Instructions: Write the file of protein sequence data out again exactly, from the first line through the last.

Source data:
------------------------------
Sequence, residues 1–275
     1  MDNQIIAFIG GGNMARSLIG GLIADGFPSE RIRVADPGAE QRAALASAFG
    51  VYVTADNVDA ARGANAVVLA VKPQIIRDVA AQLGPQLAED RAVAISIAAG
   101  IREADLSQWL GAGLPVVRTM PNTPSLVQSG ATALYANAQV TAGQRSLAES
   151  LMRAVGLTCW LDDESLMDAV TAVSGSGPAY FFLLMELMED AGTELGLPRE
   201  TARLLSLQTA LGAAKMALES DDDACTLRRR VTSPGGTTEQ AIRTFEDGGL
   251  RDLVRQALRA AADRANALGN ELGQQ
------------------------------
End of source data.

Sequence, residues 1–275
     1  MDNQIIAFIG GGNMARSLIG GLIADGFPSE RIRVADPGAE QRAALASAFG
    51  VYVTADNVDA ARGANAVVLA VKPQIIRDVA AQLGPQLAED RAVAISIAAG
   101  IREADLSQWL GAGLPVVRTM PNTPSLVQSG ATALYANAQV TAGQRSLAES
   151  LMRAVGLTCW LDDESLMDAV TAVSGSGPAY FFLLMELMED AGTELGLPRE
   201  TARLLSLQTA LGAAKMALES DDDACTLRRR VTSPGGTTEQ AIRTFEDGGL
   251  RDLVRQALRA AADRANALGN ELGQQ